Empathy, sympathy and solidarity
The fact that people care about the interests of others too little makes the world worse. This is true of all of us – who hasn’t acted selfishly, when it would have been better to be generous? – but it is especially true of people with power. They have the ability to affect the lives of many others. If they care too little about those others, they will enact policies that cause them unnecessary suffering.
Some hoped that Donald Trump’s recent brush with Covid-19 would lead him to care more about other victims of the disease. The idea was that once Trump had experienced the virus, he would be more able to understand the suffering of others who have it (or who might have it in the future if he does not change his policies). He would have acquired empathy – the ability to imagine their situation – and this might lead to sympathy – sharing and being affected by their suffering. As the 18th century philosopher David Hume described the process:
“We have a lively idea of every thing related to us. All human creatures are related by resemblance. Their persons, therefore, their interests, their passions, their pains and their pleasures must strike upon us in a lively manner, and produce an emotion similar to the original one… If this be true in general, it must be more so of affliction and sorrow. These have always a stronger and more lasting influence than any pleasure or enjoyment.”
Although ‘all human creatures’ resemble us in some ways, we are more able to find sympathy with those who resemble us more:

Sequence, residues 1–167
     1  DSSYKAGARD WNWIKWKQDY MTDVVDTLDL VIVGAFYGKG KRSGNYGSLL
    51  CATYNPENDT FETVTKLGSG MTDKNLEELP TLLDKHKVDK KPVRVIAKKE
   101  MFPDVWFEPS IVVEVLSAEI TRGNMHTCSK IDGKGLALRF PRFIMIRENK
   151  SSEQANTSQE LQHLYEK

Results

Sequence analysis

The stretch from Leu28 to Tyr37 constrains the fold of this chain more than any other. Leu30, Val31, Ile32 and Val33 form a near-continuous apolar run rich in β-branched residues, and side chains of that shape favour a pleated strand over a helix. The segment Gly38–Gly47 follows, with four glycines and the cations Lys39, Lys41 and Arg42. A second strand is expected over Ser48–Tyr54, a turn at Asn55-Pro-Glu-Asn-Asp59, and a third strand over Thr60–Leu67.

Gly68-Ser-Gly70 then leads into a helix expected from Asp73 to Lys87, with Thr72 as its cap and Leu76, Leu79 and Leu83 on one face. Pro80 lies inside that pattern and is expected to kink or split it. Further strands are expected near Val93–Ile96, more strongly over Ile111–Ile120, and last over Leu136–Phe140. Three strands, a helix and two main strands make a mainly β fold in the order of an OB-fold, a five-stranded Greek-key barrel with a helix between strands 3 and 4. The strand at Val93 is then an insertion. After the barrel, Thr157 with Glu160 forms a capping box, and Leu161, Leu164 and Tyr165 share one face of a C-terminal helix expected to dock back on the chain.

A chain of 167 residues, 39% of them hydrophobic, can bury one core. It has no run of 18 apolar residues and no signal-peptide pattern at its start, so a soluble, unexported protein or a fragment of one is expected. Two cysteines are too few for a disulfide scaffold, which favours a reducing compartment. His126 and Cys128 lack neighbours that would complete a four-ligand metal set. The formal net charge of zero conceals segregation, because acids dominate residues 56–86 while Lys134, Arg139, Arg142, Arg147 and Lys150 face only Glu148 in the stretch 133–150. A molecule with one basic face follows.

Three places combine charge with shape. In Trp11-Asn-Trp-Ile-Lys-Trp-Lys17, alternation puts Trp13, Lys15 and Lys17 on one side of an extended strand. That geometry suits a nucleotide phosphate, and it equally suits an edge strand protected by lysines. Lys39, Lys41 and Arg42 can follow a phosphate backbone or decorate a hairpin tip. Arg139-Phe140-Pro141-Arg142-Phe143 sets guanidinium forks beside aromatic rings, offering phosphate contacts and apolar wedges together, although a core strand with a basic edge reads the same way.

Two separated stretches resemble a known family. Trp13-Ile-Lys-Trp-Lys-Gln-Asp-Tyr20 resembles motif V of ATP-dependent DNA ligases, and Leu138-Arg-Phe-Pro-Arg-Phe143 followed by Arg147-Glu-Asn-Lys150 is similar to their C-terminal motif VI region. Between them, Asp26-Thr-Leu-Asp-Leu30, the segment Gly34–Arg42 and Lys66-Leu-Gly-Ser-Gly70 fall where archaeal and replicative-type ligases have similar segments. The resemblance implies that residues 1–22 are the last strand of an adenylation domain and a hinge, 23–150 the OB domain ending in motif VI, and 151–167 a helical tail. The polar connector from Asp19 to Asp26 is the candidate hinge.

“The stronger the relation betwixt ourselves and any object, the more easily does the imagination make the transition, and convey the related idea the vivacity of conception…”
Thus, we might think, now that Trump has more in common with the victims of coronavirus, he should be able to imagine their situation better, and their suffering should affect him more. Sympathy through empathy.
It does not seem that this has happened. Trump has not re-evaluated his policies on coronavirus with renewed vigour and compassion. He appears not to care very much about other people contracting the virus: including his own supporters. Similar (non-)effects have been observed from the infections of Boris Johnson and Jair Bolsonaro. I want to suggest that this is because of limits in the process leading from empathy to sympathy.
Although every human bears some resemblance to every other one, each of us is unique. At some point the similarities between ourselves and others end. This is true not just of our bodies and our personalities, but also to our experiences. No two experiences of coronavirus, for instance, are exactly the same. Trump’s experience of coronavirus was very different from most people’s: he had bespoke medical treatment, he was under the gaze of the international media, and so on. So, how strong was the relation between his suffering coronavirus and the suffering of other victims, really? How easily could he imagine being in their place? Consequently, how ‘lively’ would their pains appear to him?